• Easily change logged-in user
  • Count of characters remaining when typing status message

It doesn’t handle viewing direct messages, but I don’t tend to use them. Plus I wanted to make sure the features I had were done fairly well.

Anyway, I thought it would be a good idea to walk through making a 5K app, as there’s a fair bit of stuff just needs to be done to make it feasible. It’s the sort of stuff you don’t normally encounter daily when working on “real” software – unless you’ve been working on mobile or embedded apps. Nowadays most programmers don’t really need to worry about the size of the code they write, so how to make something that’s less that 5K in size isn’t immediately obvious.

The Twitter app (which I’ve lovingly christened “5KTwit”) is written in Java and runs as a standard client-side application. For some good pointers on how to make a Java app that’s really tiny, but packs a punch you should probably start with these Java 4K tips.

Now for a few numbers:

  • Final (obfuscated) app size: 5119 bytes
  • Final (un-obfuscated) app size: 6400 bytes
  • Final Source-code size: 10398 bytes
  • Lines of code: 310

As you can see the difference between the obfuscated and un-obfuscated versions is about 1K, so obviously obfuscation is pretty key. So it’s worth starting of with a good obfuscator. For those going “what’s an obfuscator?” it’s basically a tool to optimise, shrink and scramble your code. Originally they were intended to make code harder to decompile (hence “obfuscate”), but also have the added benefit of shrinking the compiled code to. I used Proguard and that’s probably your best bet too.

Proguard does a pretty good job of shrinking your code, but it’s worth reading up on how it works, so you can get an idea of what code changes you can make to get the most effect. For example Proguard will inline (and remove) small private functions for you (so they effectively have no overhead), but only if they are only called in one place. In general you probably want to use a source-control system/backup changes so you can rollback when a change doesn’t result in smaller obfuscated code.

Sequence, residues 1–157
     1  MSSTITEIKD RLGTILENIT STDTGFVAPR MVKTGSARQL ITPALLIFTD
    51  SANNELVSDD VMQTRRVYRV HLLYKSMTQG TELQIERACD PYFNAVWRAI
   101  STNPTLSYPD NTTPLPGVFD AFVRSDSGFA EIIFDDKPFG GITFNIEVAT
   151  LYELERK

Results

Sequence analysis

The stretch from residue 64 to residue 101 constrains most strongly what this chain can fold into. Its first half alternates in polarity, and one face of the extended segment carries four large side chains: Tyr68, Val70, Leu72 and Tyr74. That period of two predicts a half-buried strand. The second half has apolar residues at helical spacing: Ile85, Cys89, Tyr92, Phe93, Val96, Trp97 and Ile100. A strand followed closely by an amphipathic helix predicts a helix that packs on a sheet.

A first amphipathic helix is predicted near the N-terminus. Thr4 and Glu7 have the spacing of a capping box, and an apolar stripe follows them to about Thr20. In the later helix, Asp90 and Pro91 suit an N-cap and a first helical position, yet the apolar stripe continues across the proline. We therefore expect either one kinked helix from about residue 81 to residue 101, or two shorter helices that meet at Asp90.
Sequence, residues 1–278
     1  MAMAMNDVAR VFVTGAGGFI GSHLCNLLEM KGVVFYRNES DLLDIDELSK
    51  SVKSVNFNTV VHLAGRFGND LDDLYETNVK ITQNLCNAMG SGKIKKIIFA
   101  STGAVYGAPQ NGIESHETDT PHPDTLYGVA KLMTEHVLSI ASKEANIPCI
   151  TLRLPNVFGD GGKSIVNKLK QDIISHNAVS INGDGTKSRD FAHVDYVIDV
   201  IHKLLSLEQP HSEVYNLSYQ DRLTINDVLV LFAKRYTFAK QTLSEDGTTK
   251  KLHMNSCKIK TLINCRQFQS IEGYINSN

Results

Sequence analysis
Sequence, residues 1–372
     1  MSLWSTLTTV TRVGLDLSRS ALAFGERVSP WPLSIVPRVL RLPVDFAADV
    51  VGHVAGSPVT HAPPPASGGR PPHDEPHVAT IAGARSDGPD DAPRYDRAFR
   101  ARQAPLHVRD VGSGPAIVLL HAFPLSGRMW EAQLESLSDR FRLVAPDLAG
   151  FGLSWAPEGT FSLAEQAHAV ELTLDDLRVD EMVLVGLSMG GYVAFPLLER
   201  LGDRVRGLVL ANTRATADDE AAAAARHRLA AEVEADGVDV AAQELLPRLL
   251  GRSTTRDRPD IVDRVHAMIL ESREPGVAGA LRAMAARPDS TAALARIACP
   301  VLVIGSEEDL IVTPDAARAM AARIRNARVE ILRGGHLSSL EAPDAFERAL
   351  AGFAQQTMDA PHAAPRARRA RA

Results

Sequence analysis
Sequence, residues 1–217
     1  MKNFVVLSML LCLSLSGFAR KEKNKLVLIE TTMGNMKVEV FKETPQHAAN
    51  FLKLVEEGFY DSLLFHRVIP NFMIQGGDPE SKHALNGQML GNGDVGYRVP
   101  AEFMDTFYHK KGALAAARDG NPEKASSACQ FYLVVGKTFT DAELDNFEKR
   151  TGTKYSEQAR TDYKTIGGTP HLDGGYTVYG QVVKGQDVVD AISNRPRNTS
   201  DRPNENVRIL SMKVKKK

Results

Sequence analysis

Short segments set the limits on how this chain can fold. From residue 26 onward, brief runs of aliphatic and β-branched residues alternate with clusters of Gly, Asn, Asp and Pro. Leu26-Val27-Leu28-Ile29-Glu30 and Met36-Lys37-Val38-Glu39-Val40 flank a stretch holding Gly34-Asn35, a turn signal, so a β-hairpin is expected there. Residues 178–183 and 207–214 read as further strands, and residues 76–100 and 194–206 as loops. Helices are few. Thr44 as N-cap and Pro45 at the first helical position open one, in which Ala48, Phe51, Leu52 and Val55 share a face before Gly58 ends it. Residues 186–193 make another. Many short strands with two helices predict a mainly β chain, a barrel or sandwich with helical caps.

Here’s the config file I used for Proguard (running on OS X):


-injars      dist/5KTwit.jar
-outjars     obfuscated/5KTwit.jar
-libraryjars <java.home>/../Classes/classes.jar
-optimizationpasses 2
-allowaccessmodification
-keep public class T  {
    public static void main(java.lang.String[]);
}

Proguard does a great job, but it won’t stop you writing code that’s bigger than it needs to be. In order to get the app under 5K I only used two classes (one for the main window and one for the username/password dialog) and one resource file. Each additional file has some overhead associated with it. Not only will each file tend to have some standard header info etc, but even if it was empty it would increase the size of the packaged jar file. So really cutting down on the number of files used makes a big difference. During testing I made a simple HelloWorld application and that was 700 bytes or so in size with a single class file and no real code. Most of that size would have been taken up with this sort of overhead.